July 30, 2009

Presidential Panel Encourages Commercial Space Taxis

According to a presidential panel, the U.S. government should allow private firms to handle the business of launching cargo and people into Earth's orbit.

A Human Space Flight Review subcommittee said that U.S. space agency NASA should allow commercial space transporters to deliver goods to the International Space Station so the government agency could focus on new challenges.

The ISS, a $100 billion project funded by 16 nations, currently resides in low-Earth orbit 225 miles above the planet.

"My god, great NASA has been to the moon ... Let's turn (shuttle flights) over to newcomers," said former Boeing Co. executive Bohdan Bejmuk to the panel.

"I think you will find out there are a lot of people who will rise and compete," Bejmuk said. "Some of them will fail, some of them will succeed, but you will have essentially created a new industry."

Currently, NASA spends nearly half of its $18 billion budget on human space programs.

The agency plans to complete the ISS and retire the shuttle fleet by 2010.  NASA will then commission a new spacecraft to take the place of the shuttle.

NASA has already provided seed funds to Space Exploration Technologies (SpaceX) and Orbital Sciences Corp., both privately-funded companies, to create commercial spaceships for delivering goods to the space station.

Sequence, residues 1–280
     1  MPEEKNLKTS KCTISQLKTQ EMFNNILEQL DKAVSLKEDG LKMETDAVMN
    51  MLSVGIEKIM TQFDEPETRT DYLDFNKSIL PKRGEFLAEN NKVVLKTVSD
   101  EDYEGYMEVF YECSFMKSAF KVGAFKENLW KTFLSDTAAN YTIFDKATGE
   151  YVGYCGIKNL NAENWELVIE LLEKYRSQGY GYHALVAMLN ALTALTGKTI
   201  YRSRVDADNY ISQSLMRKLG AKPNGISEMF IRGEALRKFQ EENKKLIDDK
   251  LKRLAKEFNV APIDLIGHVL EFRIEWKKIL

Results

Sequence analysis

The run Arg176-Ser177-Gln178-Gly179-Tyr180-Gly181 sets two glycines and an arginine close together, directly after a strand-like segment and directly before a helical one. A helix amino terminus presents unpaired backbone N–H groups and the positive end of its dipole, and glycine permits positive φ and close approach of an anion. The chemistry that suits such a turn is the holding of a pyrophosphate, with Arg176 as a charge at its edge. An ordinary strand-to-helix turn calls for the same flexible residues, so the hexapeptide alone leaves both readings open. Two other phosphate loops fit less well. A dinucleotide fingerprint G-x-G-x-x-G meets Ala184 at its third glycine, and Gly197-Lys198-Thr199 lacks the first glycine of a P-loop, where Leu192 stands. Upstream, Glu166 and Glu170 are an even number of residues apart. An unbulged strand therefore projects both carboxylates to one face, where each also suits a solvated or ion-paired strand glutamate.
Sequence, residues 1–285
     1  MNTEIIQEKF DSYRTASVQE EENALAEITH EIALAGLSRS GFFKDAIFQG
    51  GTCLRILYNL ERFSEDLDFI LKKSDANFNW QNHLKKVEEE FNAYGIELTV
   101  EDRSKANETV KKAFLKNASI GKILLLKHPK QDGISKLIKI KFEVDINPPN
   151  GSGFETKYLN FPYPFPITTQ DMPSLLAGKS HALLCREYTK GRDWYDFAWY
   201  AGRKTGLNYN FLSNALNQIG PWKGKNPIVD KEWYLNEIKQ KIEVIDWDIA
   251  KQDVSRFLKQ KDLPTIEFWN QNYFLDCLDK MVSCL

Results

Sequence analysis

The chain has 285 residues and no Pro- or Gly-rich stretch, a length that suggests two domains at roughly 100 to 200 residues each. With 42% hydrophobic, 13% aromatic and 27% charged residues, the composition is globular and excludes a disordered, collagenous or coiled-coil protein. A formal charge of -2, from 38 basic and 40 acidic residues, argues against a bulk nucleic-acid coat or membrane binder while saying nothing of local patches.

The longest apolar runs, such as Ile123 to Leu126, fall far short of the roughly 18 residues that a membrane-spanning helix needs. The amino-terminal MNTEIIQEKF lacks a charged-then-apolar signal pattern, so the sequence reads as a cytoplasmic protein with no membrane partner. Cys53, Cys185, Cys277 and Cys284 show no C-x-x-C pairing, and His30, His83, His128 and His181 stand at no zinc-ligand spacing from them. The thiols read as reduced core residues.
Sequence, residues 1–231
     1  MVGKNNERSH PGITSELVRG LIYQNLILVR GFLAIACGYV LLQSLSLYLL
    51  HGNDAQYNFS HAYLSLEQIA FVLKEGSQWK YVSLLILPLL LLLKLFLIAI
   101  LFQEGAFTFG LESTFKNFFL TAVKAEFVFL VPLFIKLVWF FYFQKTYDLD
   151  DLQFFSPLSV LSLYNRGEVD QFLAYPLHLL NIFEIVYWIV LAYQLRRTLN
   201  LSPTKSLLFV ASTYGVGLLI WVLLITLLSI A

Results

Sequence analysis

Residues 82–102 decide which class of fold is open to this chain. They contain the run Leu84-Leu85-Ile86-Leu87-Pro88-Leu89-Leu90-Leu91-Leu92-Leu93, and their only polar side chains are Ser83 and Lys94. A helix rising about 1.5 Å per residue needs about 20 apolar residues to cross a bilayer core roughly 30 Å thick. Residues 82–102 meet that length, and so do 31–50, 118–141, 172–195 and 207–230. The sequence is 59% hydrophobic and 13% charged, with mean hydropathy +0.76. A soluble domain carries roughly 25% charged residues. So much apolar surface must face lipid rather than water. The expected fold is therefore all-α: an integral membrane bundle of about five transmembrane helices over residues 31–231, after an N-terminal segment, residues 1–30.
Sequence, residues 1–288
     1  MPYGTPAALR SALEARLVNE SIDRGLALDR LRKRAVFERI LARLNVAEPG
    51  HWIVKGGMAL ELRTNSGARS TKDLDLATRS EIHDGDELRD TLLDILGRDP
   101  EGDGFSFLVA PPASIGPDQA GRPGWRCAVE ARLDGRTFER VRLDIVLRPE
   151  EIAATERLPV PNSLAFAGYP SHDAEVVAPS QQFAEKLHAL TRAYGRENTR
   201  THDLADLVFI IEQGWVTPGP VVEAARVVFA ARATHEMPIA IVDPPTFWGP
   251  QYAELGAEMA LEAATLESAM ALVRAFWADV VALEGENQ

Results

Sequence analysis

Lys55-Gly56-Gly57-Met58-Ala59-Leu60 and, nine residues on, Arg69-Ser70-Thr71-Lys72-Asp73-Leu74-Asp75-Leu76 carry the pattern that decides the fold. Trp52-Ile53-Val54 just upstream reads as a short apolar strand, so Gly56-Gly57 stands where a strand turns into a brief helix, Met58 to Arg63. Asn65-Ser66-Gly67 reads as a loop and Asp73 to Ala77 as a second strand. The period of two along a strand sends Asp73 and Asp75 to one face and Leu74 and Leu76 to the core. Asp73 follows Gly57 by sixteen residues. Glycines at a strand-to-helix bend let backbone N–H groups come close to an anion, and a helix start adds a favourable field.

Elon Musk, founder of SpaceX, has a contract option to adapt its spacecraft with equipment suitable for passenger service.

The Orion spaceship, developed by the government, is scheduled to debut in 2015.

According to a review by The Aerospace Corp, the Orion spaceship will likely be delayed an additional two-years due to current budget plans.

On August 31, another report will be issued by the human space flight review panel, headed by former Lockheed Martin chief Norm Augustine.

Meanwhile, NASA prepares for the return of seven astronauts aboard the shuttle Endeavour.

Endeavour and its crew are scheduled to touchdown at 10:48 a.m. EDT at the Kennedy Space Center in Florida.


On the Net: